There are a lot of different ways to develop mobile applications. On my first two podcast episodes I discussed some of these app development solutions, but this time I’m doing a followup on one in particular. In this episode of The Polyglot Developer Podcast, guest speaker TJ VanToll and I are going to take a deeper look at Telerik NativeScript, who should be using it, and what separates it from the other frameworks that exist.
TJ VanToll is a Developer Advocate for Telerik and is working on making the NativeScript framework a success for developers and enterprises. In Episode #5: Developing Mobile Apps with Telerik NativeScript, we’re going to cover everything that can be covered without actually looking at code. I ask TJ questions that I often receive on my blog as well as at events.
This podcast episode can be found for free on iTunes and Pocket Casts, but in case you’d prefer to listen to it from your browser instead, it can be heard below.
For those who you that would rather read than listen, I’m going to explain some of the podcast episode here.
TJ also discusses how you can build your own NativeScript plugins that interface directly with native device SDKs and APIs. I personally wrote a NativeScript plugin for Couchbase that lets you use NoSQL in your mobile application and I must admit, it wasn’t difficult to do at all.
Here we discuss any hardware and software dependencies. This is a common question that people new to mobile application development ask. In short, you need a Mac, Linux, or Windows computer for developing Android applications and a Mac for developing iOS applications. This is not due to a development requirement, but more of a deployment requirement. Since these applications are native, they still follow the same deployment rules as a native application.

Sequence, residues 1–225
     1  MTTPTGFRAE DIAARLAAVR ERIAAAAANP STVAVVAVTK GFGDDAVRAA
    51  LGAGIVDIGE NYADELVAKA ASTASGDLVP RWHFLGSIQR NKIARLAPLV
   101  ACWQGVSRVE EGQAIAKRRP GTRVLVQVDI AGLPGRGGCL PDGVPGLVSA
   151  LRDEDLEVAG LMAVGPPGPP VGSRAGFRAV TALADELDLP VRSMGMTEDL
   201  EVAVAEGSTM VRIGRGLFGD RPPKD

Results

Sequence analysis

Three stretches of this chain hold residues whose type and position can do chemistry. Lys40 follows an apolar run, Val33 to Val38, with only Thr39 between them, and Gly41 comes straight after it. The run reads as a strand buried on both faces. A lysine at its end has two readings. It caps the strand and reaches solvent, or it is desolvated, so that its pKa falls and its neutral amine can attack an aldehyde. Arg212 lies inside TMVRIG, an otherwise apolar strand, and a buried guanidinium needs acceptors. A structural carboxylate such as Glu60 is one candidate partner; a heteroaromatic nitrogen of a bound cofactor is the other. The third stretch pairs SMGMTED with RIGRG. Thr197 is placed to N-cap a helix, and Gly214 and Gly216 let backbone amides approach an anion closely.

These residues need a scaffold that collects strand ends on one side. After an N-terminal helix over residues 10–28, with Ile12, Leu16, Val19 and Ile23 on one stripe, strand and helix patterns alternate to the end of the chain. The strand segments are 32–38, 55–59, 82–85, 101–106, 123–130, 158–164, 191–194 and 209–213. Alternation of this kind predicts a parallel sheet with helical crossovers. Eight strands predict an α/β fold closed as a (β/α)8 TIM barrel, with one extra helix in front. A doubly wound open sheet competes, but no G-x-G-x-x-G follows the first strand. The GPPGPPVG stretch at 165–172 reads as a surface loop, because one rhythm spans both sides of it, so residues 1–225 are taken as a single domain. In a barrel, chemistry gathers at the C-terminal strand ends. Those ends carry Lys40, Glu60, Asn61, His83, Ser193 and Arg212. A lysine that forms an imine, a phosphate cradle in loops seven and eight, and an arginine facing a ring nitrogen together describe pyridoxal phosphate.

NativeScript can be installed via the Node Package Manager (NPM) which is included with Node.js. NPM is a common package manager and is used for pretty much everything lately.
When it comes to testing a NativeScript application, physical devices are not required, but they are always recommended. Physical devices are recommended so that you can see the true experience on how your application will perform for people. If you’d rather not use a physical device, there are iOS and Android simulators available, usually included with the native Android and iOS development platforms.
As of last week, announced at ng-conf 2016, NativeScript 2.0 supports Angular. This is huge for NativeScript because AngularJS in general is an incredibly popular framework. In terms of popularity, it sits next to ReactJS which is what Facebook uses in its React Native framework.
Although web applications and NativeScript applications will have a different UI, the backend Angular code can usually be shared between them. There are a few exceptions to this, but for the most part you can better streamline your web and mobile development process by sharing code.
This is a question I always feel I have to ask and a question a lot of people think about as well. How does an open source project like NativeScript make money for the parent company Telerik? I mean, if the company behind the product isn’t making money, doesn’t that put it at high risk for being abandoned?
TJ says that Telerik is making money from NativeScript through the Telerik Platform and UI for NativeScript. This sounds promising because there are many other mobile frameworks that are not making money or they are making very little.
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